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Danelia Altamirano Nuñez is 60 years old and a member of a group of organised women. She lives in the community of Las Chinas and has never had electricity. That was until Trócaire partner ElectricAid provided her home with a solar panel.
“The solar panels help protect us,” Danelia says. “We’re all connected by phone now in the case of an emergency. We’re not using candles and kerosene anymore, which is damaging to our health. And we don’t have to walk three or four hours to pay to charge our cell phones.”
Danelia’s grandson, Christopher, demonstrates how the solar lighting system works in his home in Las Chinas. “Having light has made a big difference,” he says.
Danelia and the other women of the community commented that they would have to pay approximately 50 cents each time they wanted to charge their phones, in addition to spending valuable time walking to the nearest village. Sometimes, the people charging their phones would steal their batteries and replace them with old ones or even steal their memory cards.
Top Left: Engracia Neira Valladares demonstrates how the lighting system enables her to easily charge her phone. Top Right: Engracia with Danelia Altamirano Nuñez. Bottom: The women in Las Chinas offer their gratitude to ElectricAid, as all are now benefiting from solar- powered light. All Photos: Michael Solis.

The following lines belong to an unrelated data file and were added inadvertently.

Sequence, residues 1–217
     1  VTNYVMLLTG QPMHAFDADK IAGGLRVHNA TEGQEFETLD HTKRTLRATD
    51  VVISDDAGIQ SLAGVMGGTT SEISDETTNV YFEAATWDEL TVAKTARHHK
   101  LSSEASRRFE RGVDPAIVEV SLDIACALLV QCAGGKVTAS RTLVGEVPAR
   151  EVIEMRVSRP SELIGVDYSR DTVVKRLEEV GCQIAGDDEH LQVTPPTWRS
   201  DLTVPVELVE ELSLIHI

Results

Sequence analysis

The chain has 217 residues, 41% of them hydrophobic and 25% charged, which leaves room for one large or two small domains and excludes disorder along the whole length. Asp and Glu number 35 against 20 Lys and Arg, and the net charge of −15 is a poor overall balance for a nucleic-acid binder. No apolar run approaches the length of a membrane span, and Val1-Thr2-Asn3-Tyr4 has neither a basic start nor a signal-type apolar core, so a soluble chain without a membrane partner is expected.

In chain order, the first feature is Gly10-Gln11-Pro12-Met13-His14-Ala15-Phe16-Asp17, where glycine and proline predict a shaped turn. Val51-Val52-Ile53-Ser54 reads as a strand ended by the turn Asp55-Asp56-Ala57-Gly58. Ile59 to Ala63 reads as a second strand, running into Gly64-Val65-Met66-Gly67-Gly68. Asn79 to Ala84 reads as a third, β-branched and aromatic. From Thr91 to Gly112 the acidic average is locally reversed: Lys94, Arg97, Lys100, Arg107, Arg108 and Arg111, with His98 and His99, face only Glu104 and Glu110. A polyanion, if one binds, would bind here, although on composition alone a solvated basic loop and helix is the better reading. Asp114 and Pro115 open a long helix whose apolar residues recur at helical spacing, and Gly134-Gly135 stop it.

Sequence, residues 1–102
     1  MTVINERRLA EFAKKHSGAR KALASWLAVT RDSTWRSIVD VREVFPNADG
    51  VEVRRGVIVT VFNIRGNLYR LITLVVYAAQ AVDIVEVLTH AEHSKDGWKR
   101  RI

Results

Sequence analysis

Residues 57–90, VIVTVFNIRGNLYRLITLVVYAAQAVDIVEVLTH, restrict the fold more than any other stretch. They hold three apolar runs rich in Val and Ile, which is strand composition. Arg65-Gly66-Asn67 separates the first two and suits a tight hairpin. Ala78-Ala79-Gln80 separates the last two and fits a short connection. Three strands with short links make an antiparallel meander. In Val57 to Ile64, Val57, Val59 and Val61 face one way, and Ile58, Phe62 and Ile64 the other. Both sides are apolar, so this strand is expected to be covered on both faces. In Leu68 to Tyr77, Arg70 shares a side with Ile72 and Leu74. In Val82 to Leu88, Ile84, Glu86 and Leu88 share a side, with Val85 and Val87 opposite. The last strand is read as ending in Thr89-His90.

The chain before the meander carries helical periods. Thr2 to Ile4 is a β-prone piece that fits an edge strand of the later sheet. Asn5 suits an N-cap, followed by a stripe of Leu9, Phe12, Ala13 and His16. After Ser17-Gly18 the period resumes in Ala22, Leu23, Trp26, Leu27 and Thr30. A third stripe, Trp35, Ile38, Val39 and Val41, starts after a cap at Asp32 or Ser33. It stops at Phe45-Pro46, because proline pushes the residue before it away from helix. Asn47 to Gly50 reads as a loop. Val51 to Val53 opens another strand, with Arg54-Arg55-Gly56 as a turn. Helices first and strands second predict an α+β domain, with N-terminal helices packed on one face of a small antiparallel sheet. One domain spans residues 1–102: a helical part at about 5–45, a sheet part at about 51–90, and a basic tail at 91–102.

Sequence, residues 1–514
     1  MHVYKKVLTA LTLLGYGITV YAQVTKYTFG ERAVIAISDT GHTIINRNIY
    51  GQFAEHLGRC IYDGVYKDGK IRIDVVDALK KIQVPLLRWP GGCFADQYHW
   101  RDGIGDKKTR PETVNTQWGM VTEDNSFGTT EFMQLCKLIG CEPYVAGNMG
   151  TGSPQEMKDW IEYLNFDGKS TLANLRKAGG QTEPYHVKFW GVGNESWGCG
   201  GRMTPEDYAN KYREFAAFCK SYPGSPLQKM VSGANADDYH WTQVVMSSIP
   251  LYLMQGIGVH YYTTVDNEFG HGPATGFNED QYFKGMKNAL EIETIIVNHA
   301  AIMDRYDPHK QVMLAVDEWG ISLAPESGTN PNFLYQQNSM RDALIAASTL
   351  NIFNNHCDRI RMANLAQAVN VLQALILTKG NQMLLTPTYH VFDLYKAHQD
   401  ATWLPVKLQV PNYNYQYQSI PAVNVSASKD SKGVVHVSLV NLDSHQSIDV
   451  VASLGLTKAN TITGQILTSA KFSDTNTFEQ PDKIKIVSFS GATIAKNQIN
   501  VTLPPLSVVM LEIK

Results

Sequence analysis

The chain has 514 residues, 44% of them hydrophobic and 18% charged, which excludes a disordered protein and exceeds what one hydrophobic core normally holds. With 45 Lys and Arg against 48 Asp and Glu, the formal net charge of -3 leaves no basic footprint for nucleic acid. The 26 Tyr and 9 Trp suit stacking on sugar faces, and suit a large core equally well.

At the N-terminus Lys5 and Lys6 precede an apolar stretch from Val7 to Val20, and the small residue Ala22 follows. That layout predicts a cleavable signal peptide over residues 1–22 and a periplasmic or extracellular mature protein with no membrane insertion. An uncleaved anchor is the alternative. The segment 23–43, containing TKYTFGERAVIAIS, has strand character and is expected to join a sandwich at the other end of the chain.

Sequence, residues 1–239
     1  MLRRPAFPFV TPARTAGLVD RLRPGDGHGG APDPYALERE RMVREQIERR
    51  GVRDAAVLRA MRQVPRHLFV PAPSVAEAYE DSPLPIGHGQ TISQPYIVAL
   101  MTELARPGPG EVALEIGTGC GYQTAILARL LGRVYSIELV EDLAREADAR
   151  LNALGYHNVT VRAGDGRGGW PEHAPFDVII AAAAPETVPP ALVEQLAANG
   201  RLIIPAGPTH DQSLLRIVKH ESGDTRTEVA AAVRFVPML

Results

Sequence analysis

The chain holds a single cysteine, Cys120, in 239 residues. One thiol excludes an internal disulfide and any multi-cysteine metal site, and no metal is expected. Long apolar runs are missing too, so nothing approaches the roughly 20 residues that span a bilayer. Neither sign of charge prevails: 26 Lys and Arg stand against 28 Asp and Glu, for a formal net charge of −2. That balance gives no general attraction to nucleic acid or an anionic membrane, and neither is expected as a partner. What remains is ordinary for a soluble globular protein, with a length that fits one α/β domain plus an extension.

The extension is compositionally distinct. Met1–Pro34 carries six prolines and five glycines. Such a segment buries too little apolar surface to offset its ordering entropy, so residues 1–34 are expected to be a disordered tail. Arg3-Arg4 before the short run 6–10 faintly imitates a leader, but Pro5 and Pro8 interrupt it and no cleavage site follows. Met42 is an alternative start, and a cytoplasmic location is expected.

“The extra time lets us do so many things,” Danelia says. “We can clean and get things ready in the morning when it’s dark. I used to have to cook with a flashlight under my neck, but now I can actually see what I’m doing. It makes a significant difference.”
“The panels are such a blessing,” she adds. “If a child in the community gets sick at night, we have light to be able to take care of them properly. And the kids have more time to do their homework. They can’t use the excuse anymore that it’s too dark to do their work. Now they have light!”
Danelia lives with her 67-year-old husband Bruno, who suffers from arthritis and serious knee problems. For him, having light makes walking around the house safer than it has ever been before.
For Danelia, one of the most important aspects of solar energy is that it gives the women more time to meet and discuss the matters that are important to them at community level. Before, the women would have to find a way to meet when there was light out, which was difficult to coordinate given their differing economic and domestic activities. Now, the women rotate among each of their homes for their meetings, which they are able to hold after the 6pm sunset thanks to their access to light.
“The solar panel isn’t a luxury for us,” Danelia says. “It’s a definitive way of responding to our needs. It is a blessing.”
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